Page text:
Wednesday, November 20, 2013

A Forgotten Birthday

As usual, I had completely forgotten that yesterday the 19th of November was my birthday. But I do not celebrate my birthday .. so there is nothing unusual about being absent mined about it. But there are some friends who remember and send me felicitations. One such friend from New York writes as follows:

Hi Yeshey,
Just to let you know that today, 19 November is also the WORLD TOILET DAY! It was initiated about 13 years ago and there was a commemorative event today sponsored by Singapore. It was funny to listen to discussions on what to do about poop and shit.


Buddha be praised for giving me friends who will not forget to remind me that I was born on a shitty day!

Image from

In the year 2001, the WTO declared 19th November as World Toilet Day. But it was only this year that the day was officially recognized as official UN Day. On this day, civil societies and governments around the world promote the importance of clean and safe sanitation for all.

Sunday, November 17, 2013

Fishing for Fish

The Bhutanese people are slowly beginning to realize that the hydropower projects will, over time, not only ruin our environment but will also be the cause of the loss of our nationhood. Some Bhutanese contractors working on the Punasangchu projects are already admitting that they are being “raped”.

Sometime back, His Excellency Lyonpo Norbu Wangchuck, Minister for Economic Affairs admitted publicly on BBS TV that every one of our hydropower projects have traditionally seen more than 250% cost escalation - starting from our very first project - Chukha Hydropower Project. Punasangchu Project I has already seen cost escalation of more than 300% but the project is barely half done. By the time it is done, the cost escalation will provably touch 400%. At this rate of cost escalation, I wonder what the per unit cost of generation will be? Hydropower projects are profitable as long as unit cost of generation is kept low.

To me it is clear that we will be losing money over these hydropower projects: simply because too many mistakes have been made as a result of which the project is costing us more than the revenue it is likely to generate. And we are not talking of other costs - such as political and environmental. I doubt if we will be able to service the loans obtained from India - for these projects. This is likely to force us to remain perennially in debt - to India. Is this the result of incompetence? Poor design? Poor management? Or, something else?

I have said this before: WE NEED TO STOP HERE or we are DOOMED! Am I wrong? May be - but time will tell.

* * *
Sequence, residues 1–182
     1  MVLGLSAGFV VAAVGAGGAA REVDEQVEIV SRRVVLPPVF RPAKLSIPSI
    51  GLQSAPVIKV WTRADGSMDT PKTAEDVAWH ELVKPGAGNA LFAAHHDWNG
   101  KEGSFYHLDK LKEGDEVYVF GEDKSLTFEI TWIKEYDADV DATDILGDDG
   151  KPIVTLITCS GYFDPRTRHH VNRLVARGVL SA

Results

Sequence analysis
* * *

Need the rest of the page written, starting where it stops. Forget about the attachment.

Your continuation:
Anyway, this post is not about hydro-power projects. I think I have made enough noise and, as always, nothing is going to come of it. Today I want to post some photos of a Kingfisher fishing for fish - in Berti, Zhemgang.

I am convinced, as other environmentalists are, that as a result of the Punasangchu and other hydropower projects, one of Bhutan’s rarest birds and a star attraction for visiting birders - the White-bellied Herons (Ardea insignis) are being imperiled. There is a real danger of these birds going extinct - as a result of their habitat being destroyed by these hydro-power projects.

There is nothing I can do for these birds - but bring their plight to the notice of the government. I had heard that there is a small community of these birds living in Berti, Zhemgang - so I visited the place to see how secure the habitat was - for these birds to continue to live and thrive in the area. I am glad that the place is very well suited to these birds and there is hardly any human activity in the areas where they live. I have been spreading the word that since Punasangchu area (the most important Heron habitat in Bhutan) is going to be lost to these birds, we should declare that patch of area in Berti as Heron sanctuary. For a country that is known world over as a champion of conservation, it would be shameful if we allow these birds to go extinct.

For the record, Bhutan boasts the highest number of these rarest of rare Herons. On last enumeration, we have 28 of these birds. The world population of these birds are said to be any where from 50 to 200 birds.

I was seated by the riverbank - waiting for the Herons to show up. After a while, I noticed that a cute little Common Kingfisher (Alcedo atthis) had landed on a boulder at a distance. He than began a series of dives to catch himself some fish. The following series of photos show the cute fellow at work:

He is scanning the pool of water for fish.

He sees that there is plenty of fish in the shallow water in front of him. This day he will certainly not go hungry!